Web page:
PewDiePie Reveals His Channel Statistics After Alinity Suggested All His Fans Were 9 Year Olds - Dexerto
Entertainment

PewDiePie Reveals His Channel Statistics After Alinity Suggested All His Fans Were 9 Year Olds

Published: 1/Jul/2018 15:09 Updated: 26/Jul/2018 12:06

by Vincent Genova

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PewDiePie has given an insight to the ages of people watching the world’s largest YouTube channel.

While showing memes from the PewDiePie subreddit, he came across a user asking to reveal the analytics of his channel to show how many 9 year olds are actually in the PewDiePie Army. 

The idea of PewDiePie’s fan base being made up of 9 year olds was suggested by Alinity, as part of a dispute that originated with Alinty copystriking a video of PewDiePie calling her a “Thot.”

PewDiePie complied with the request and brought up the age analytics of his channel. Surprisingly, the 25-34 demographic has a higher percentage of views than the 13-17 age group at 28% and 11%, respectively.

18-24 is the most popular group on PewDiePie’s channel, making up 44% of the views.

There is a huge fall off in viewership after turning 35, as 35 to 65+ makes up just 17% of his channel combined. The lowest age group is 55 to 64, checking in at 1%.

The numbers also showed the average view duration for each age group, with 25-34 leading the way at 6:18. The 55-64 grandparents who forgot to log out of their grandchildren’s YouTube account once again bring up the rear, watching only for 5:17 on average.

Of course, PewDiePie’s analytics are only accurate if the people creating YouTube accounts are being truthful.

Google does not allow anyone under the age of 13 to create a Google account, and the minimum age is as high as 16 in some EU countries. It is possible that any age group listed is actually a 9 year old on someone else’s account.

Officially, 9 year olds do not watch PewDiePie and he is the most popular with people aged between 18 and 24. Unofficially, the amount of 9 year olds watching PewDiePie is anywhere between 0 and 65 million. Check out the video below to decide for yourself.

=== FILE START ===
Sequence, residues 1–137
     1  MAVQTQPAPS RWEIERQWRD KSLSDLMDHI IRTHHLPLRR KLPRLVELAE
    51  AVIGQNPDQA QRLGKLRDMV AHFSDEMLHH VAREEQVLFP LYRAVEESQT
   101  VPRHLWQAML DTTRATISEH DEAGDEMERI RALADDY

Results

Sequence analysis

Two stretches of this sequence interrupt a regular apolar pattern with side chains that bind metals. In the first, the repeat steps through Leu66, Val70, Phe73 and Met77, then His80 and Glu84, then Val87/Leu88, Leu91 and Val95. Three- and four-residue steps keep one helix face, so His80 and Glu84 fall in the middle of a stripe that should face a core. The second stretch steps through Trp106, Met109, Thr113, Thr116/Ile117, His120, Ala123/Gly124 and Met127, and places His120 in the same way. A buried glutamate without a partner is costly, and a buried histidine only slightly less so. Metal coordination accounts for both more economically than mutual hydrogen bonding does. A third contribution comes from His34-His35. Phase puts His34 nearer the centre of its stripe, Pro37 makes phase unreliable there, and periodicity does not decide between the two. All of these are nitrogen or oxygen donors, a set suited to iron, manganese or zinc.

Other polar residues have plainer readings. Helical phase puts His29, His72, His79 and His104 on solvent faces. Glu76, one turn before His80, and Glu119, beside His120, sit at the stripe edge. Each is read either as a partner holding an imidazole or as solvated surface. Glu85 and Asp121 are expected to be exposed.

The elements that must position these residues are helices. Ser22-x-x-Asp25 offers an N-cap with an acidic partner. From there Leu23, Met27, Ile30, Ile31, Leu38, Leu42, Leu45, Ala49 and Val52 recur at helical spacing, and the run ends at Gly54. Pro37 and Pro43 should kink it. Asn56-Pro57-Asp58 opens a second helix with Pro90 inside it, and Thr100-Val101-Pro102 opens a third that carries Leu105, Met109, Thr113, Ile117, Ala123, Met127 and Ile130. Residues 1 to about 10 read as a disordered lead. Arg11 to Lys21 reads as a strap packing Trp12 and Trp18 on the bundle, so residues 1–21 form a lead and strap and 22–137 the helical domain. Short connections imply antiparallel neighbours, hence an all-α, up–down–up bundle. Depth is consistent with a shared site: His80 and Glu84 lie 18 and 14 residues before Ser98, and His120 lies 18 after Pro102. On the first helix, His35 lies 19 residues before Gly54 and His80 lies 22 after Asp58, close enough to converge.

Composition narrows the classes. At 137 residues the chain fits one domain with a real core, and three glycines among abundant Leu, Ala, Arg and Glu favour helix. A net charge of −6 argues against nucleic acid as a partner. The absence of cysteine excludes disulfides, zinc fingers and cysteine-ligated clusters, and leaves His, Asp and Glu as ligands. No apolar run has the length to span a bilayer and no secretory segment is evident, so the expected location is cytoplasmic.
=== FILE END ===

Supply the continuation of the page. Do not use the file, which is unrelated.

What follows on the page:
Entertainment

BTS crushes 28-year-old record for most music show awards in a year

Published: 28/Nov/2020 21:34

by Charlotte Colombo

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K-Pop group BTS have once again broken a record after scoring a win at the 2020 Asia Artist Awards (AAA).

BTS, also known as the Bangtan Boys, consists of seven members: V, J-Hope, RM, Jin, Jimin, Jungkook, and Suga. The group debuted in 2013 before soaring to international popularity in 2018 after releasing the YouTube Premium documentary Burn the Stage.

Most recently, BTS released their fifth studio album ‘Be’ on November 20, which includes Dynamite – the first of their songs to be recorded fully in English.

Dynamite helped BTS break their latest record after the song won the Daesung for ‘Best Song of the Year’ at the AAAs.

In the K-Pop world, a Daesung is one of the most prestigious accolades an artist can receive. When winning a Daesung, the focus is on the records the artist released that year, and takes into account how many copies – both digital and physical – were sold.

By winning this latest Daesung, BTS broke a record that has previously been held since 1992 by K-pop trio Seo Taiji and the Boys. The band had previously collaborated with BTS in 2017 in a 25th anniversary concert, wherein Taiji announced that he was passing the torch onto BTS to continue K-Pop’s legacy.

“This is your generation now,” Taiji said at the time.

BTS’ Daesung for Dynamite also extends their record for the most Daesungs in history to 43 – a record they previously broke in 2019 after they won a total of 37.

This isn’t the first time the group’s hit song Dynamite has broken records. Back in August, they broke several milestones on YouTube after fans eagerly watched the premiere of the song’s music video.

One record they broke was for most views within 10 minutes of uploading a YouTube video, as over 20 million viewers tuned in to watch Dynamite during that timeframe.

The live premiere of the video also broke the YouTube record for most concurrent viewers.  One live count recorded that between 3 to 4 million people were watching the video at once.